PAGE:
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The Supplemental Nutrition Assistance Program and Childhood Obesity in the United States: Evidence from the National Longitudinal Survey of Youth 1997

Listed author(s):
  • Maoyong Fan

    (Ball State University)

  • Yanhong Jin

    ()

    (Rutgers University)

Registered author(s):

    Using the National Longitudinal Survey of Youth 1997, this paper employs difference-in-difference propensity score matching to examine whether the Supplemental Nutrition Assistance Program (SNAP) contributes to childhood obesity. We find no statistically significant SNAP effect among the 12- to 20-year-old participants when controlling for selection bias and more accurately defining the treatment and comparison groups. The results are robust to various robustness checks including redefining the treatment and comparison groups by excluding those who previously enrolled in the SNAP, using an alternative treatment definition based on SNAP benefits received, using different specifications of the propensity score equation, and employing different estimation techniques (covariate matching and inverse probability weighting). The robustness analyses regarding unobservables also find no statistically significant SNAP effects. This study differs from previous research in three major aspects. First, we carefully examine the intensity of SNAP participation (full-time versus part-time) and the amount of SNAP benefits received for one-, two-, and three-year durations. Second, we focus on the change in the BMI (body mass index) or the obesity status rather than the level and control for the pretreatment BMI to avoid the confounding effects of the time-invariant factors. Third, instead of making parametric assumptions on the outcomes, we employ a variety of semiparametric estimators to control for the selection bias of program participation. The results show that the SNAP is not responsible for the higher prevalence of obesity among adolescents of low-income households. Proposed SNAP changes such as more frequent benefit distribution and a focus on fresh fruits and vegetables are likely to be ineffective in reducing childhood obesity, although they might encourage healthy dietary practices among SNAP participants.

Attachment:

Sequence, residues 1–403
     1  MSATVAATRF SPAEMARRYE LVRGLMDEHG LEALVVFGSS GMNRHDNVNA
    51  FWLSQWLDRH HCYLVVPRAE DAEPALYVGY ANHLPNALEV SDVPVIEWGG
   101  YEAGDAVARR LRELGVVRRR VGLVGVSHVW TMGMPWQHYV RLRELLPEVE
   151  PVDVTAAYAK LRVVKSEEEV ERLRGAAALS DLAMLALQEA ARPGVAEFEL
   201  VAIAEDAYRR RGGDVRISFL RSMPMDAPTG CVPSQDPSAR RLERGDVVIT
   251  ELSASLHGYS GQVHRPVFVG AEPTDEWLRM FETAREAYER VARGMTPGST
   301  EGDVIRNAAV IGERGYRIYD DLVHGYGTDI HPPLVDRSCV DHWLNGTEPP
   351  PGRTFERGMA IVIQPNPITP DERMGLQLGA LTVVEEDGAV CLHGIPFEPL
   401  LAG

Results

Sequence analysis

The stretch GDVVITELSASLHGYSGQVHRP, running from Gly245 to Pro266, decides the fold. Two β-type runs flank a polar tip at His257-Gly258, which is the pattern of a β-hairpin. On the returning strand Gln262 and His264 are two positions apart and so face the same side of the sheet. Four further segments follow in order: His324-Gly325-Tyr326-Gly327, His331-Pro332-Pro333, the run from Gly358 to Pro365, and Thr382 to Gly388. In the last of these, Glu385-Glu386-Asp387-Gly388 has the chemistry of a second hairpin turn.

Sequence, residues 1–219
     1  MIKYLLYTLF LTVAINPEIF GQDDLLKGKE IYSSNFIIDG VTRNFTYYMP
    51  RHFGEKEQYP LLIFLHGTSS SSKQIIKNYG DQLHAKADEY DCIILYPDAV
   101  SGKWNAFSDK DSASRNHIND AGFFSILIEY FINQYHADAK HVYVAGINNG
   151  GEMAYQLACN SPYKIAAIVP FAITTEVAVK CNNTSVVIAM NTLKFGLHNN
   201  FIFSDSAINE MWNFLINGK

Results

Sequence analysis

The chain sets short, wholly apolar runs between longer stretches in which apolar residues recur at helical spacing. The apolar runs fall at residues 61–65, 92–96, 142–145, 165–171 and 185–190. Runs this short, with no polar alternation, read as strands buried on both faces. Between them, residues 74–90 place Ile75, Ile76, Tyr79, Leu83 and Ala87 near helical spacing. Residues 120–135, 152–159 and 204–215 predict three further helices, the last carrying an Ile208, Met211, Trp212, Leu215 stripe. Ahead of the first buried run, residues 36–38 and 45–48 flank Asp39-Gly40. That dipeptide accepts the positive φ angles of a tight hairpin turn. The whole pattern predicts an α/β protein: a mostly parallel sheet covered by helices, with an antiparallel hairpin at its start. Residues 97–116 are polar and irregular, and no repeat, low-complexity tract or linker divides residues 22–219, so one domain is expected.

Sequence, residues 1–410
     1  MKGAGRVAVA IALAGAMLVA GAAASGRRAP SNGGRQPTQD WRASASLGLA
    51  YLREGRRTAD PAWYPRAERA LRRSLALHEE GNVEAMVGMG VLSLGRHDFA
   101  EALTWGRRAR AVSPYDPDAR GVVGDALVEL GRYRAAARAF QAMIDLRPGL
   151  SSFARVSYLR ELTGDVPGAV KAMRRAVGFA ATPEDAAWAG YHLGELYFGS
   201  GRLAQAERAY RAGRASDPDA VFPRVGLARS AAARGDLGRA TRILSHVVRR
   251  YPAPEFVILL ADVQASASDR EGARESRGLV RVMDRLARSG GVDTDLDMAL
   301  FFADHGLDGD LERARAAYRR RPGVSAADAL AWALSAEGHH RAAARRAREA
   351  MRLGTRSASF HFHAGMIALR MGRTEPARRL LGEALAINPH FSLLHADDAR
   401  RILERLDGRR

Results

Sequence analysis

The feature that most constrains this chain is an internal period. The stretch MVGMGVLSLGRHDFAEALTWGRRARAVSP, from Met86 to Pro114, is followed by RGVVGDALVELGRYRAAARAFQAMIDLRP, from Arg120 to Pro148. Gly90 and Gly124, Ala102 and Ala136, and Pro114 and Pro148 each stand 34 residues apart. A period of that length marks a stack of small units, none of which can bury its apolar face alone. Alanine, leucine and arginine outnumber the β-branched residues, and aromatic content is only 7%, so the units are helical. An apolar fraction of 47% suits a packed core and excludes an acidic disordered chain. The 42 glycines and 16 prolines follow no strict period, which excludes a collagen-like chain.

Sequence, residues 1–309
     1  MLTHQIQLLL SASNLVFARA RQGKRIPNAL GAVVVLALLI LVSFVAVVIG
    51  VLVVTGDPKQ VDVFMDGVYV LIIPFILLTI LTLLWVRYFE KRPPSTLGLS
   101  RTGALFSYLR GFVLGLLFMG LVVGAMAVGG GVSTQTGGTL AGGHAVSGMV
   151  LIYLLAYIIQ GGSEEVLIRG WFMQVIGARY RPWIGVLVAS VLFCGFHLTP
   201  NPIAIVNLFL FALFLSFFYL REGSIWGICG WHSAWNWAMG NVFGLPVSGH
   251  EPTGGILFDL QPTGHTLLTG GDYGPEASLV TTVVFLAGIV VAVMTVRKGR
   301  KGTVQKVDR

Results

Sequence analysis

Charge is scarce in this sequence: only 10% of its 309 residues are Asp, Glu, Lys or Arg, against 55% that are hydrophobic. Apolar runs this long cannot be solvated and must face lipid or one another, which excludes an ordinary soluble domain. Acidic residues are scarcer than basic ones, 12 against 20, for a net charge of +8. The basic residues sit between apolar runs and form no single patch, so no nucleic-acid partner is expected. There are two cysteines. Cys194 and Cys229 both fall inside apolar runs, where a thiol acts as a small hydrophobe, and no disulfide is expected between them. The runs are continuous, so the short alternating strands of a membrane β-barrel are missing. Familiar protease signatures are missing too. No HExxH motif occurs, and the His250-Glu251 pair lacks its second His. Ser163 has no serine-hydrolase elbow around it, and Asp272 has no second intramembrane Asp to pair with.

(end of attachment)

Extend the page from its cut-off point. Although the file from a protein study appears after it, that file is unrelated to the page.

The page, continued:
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    File URL: http://www.mitpressjournals.org/doi/pdf/10.1162/AJHE_a_00025
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    Article provided by MIT Press in its journal American Journal of Health Economics.

    Volume (Year): 1 (2015)
    Issue (Month): 4 (Fall)
    Pages: 432-460

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    Handle: RePEc:tpr:amjhec:v:1:y:2015:i:4:p:432-460
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